Europe’s Political Cohesion after the Eurozone Crisis
Political cohesion between France and Germany is critical for the stability of Europe, yet the Eurozone crisis and its aftermath have raised some serious questions about the Franco-German relationship. Germany has emerged as the critical state in supporting, albeit through the European Central Bank, debt-ridden southern countries. France remains hostile to an austerity-only approach. Does there now exist a political imbalance in the Franco-German relationship? What are the consequences for Europe of German economic leadership? Is France still in a position to influence the direction of European integration, and, if so, to what end?
with Prof. Francois Heisbourg, Fondation pour la recherché stratégique
Professor Francois Heisbourg is a special advisor to the Fondation pour la Recherche Strategique, Paris. He is also Chairman of the Geneva Centre for Security Policy and the International Institute for Strategic Studies. His career has included positions in government (member of the French mission to the UN, international security adviser to the Minister of Defence), in the defence industry (Vice-President of Thomson-CSF; Senior Vice-President for strategic development at MATRA-Défense-Espace) and in academia (Professor of world politics at Sciences-Po Paris and Director of the IISS). He is also a member of the International Commission on nuclear non-proliferation and disarmament, and has sat on a number of national and international blue-ribbon bodies. He is the author of numerous articles and books focused on strategic issues.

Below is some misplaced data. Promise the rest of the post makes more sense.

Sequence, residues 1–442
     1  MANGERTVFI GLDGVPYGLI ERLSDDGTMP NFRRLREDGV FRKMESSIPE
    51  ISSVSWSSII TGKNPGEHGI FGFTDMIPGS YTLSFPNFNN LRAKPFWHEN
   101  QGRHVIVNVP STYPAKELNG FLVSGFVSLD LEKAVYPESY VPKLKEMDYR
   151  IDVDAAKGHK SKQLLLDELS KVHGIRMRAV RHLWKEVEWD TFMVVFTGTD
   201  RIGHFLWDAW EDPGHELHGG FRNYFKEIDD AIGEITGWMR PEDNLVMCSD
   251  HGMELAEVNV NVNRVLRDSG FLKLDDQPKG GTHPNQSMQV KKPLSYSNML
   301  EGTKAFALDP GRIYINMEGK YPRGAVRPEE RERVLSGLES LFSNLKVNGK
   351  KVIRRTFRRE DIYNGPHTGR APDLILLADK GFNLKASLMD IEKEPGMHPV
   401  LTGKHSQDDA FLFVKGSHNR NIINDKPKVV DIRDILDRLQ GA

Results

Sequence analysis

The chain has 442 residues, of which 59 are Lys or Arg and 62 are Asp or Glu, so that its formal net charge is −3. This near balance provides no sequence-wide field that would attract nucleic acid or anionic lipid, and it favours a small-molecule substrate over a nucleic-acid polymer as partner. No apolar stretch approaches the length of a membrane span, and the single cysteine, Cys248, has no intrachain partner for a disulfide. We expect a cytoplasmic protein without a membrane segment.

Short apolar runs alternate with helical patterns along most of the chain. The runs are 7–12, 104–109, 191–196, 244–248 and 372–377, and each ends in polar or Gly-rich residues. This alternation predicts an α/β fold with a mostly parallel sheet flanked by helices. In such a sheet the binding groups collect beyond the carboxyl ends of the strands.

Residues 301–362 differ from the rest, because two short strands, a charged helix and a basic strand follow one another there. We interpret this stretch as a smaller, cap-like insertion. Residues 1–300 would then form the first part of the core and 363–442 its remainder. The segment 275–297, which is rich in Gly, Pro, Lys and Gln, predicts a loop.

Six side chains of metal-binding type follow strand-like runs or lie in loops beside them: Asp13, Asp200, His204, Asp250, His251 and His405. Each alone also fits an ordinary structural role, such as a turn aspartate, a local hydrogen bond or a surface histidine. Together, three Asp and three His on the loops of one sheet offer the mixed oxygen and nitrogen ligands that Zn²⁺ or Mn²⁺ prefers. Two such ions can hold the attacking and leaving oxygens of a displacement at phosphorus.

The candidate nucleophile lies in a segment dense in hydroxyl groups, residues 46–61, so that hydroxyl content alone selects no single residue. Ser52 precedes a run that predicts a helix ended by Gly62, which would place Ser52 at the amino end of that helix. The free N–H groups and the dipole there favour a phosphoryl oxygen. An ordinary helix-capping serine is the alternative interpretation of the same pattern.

This was the sixth lecture of the IES Autumn Lecture Series 2014: "The Future of European Geostrategy" jointly organised by the Institute for European Studies-VUB and the Egmont – Royal Institute for International Relations. Read more about the lecture series!
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